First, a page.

Does Sweating Really Burn Calories?

If you believe that the amount you sweat directly represents the number of calories you're burning, you aren't alone. We often sweat when we engage in physical activity, leading us to believe that sweating more means more calories burned. But is this true?

Dermatologist Adele Haimovic explains why we sweat to Healthline, "By promoting heat loss through evaporation, sweat helps regulate our body temperature." This means that the body is constantly monitoring our internal temperature and regulating it to maintain an ideal temperature of around 98 degrees Fahrenheit, according to Houston Methodist. When we sweat, a substance comprised almost entirely of water is secreted from our sweat glands, located in various places around our body. This water evaporates from our skin and creates a cooling effect. 

Sweating doesn't just happen when working out or expending energy (via Houston Methodist). Ingesting certain foods, such as spicy foods, can trick our brain into thinking our internal temperature has risen. In turn, we may begin sweating. Houston Methodist also points out that sweating can result from nervousness or another emotional experience. Our body's fight-or-flight response sends a message to the sweat glands to begin secreting.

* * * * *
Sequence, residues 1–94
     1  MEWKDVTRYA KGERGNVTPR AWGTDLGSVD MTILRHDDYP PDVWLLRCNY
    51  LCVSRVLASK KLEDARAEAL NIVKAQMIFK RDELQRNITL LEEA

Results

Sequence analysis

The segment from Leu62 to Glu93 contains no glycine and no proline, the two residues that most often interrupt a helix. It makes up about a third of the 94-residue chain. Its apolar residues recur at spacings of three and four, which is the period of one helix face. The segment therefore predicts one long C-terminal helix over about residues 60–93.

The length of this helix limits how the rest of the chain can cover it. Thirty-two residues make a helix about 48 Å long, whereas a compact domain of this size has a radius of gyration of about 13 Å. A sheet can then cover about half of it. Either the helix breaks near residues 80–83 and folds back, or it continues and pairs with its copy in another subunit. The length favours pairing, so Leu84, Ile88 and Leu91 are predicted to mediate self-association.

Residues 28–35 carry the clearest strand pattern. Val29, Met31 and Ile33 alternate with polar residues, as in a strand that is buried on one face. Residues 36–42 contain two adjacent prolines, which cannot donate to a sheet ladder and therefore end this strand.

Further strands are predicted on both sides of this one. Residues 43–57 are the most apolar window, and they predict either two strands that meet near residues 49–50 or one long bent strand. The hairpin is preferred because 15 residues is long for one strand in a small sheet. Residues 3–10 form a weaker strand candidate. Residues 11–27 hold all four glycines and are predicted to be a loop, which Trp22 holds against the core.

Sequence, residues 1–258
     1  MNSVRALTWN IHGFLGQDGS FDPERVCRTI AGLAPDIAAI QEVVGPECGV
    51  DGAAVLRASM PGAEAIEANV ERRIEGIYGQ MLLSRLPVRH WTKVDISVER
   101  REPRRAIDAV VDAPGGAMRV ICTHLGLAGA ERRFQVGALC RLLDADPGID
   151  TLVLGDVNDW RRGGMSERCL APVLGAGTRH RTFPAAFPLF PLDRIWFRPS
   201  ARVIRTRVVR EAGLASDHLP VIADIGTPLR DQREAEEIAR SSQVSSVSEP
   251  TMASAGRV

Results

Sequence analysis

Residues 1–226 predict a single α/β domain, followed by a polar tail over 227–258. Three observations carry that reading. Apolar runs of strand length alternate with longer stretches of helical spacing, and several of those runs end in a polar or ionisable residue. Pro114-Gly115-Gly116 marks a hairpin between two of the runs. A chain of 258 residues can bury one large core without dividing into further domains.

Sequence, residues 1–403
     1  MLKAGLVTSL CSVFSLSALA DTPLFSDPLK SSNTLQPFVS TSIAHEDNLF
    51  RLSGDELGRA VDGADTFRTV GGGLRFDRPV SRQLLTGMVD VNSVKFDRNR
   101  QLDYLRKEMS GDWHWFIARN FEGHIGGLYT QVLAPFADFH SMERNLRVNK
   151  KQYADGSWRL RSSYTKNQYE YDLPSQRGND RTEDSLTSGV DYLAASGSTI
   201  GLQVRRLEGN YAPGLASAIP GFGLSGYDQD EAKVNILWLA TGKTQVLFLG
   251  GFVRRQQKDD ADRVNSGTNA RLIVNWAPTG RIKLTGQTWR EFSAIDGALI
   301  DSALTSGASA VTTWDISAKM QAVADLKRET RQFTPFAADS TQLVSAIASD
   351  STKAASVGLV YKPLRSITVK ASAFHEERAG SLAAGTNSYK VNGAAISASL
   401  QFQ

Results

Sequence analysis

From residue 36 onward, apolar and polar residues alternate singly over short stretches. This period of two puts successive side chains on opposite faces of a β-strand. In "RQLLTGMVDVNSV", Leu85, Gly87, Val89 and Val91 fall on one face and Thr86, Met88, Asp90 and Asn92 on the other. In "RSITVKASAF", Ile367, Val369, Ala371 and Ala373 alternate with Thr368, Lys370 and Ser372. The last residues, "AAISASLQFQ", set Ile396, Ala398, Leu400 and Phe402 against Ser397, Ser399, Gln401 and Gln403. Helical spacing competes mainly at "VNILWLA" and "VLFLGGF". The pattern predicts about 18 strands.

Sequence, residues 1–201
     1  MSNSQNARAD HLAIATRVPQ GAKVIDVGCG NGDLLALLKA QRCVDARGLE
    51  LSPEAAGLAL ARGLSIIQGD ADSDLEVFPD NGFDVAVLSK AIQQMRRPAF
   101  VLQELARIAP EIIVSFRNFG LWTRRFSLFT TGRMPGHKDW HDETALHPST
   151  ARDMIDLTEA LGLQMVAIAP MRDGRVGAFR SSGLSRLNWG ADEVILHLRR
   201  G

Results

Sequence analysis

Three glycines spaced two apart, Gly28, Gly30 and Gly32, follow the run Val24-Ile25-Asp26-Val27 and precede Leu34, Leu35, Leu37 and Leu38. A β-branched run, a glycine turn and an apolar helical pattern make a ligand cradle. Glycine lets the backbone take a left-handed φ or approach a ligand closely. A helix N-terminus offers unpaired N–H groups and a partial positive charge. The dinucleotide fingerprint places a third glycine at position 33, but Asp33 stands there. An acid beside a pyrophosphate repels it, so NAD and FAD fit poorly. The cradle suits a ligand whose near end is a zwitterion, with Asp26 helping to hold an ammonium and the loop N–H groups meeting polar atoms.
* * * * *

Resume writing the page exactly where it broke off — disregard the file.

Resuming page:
Does sweating in and of itself burn calories?

The short answer is no (via Health). Sweating is simply the way our body cools itself down or reacts to certain stimuli and doesn't indicate the number of calories we are burning at any given time. The sweat that occurs when you work out results from your body's internal temperature increasing. However, the number of calories your body burns depends on the type and duration of physical activity. The more muscle groups you activate during a workout, the more calories you'll burn. The amount of sweat you produce won't change this number. 

We all react differently to physical exertion, meaning that the same activity and intensity may cause one person to sweat more than another (via Health). Exercise specialist Gabbi Berkow explains that sweating less "doesn't mean you didn't get a good workout, burn calories, or build strength — it just means your body temperature didn't rise as much." The amount you sweat will also depend on the external temperature when you engage in physical activity. On a hot day, your internal temperature will likely rise faster than on a cooler day, causing your body to sweat more.

Sweating may not be a good indication of how many calories you're burning, but there are other ways to tell (per Health). The best way to know the exertion of your body in response to any given activity is to monitor your heart rate, ideally with health trackers or apps.